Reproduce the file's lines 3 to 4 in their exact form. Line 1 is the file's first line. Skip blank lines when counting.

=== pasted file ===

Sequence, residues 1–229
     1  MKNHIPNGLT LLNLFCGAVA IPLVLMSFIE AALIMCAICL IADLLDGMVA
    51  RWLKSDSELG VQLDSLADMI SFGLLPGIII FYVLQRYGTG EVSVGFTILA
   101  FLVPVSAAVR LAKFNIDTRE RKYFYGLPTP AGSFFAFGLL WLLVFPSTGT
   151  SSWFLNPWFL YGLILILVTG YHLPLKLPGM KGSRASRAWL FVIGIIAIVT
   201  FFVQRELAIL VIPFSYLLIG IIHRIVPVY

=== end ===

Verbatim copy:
    51  RWLKSDSELG VQLDSLADMI SFGLLPGIII FYVLQRYGTG EVSVGFTILA
   101  FLVPVSAAVR LAKFNIDTRE RKYFYGLPTP AGSFFAFGLL WLLVFPSTGT